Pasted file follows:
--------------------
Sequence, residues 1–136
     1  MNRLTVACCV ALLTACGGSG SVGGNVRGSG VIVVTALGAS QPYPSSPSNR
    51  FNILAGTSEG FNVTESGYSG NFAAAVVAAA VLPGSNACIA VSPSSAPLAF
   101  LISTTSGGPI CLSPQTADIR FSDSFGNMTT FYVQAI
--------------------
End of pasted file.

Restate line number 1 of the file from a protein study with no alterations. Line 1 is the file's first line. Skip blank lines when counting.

Sequence, residues 1–136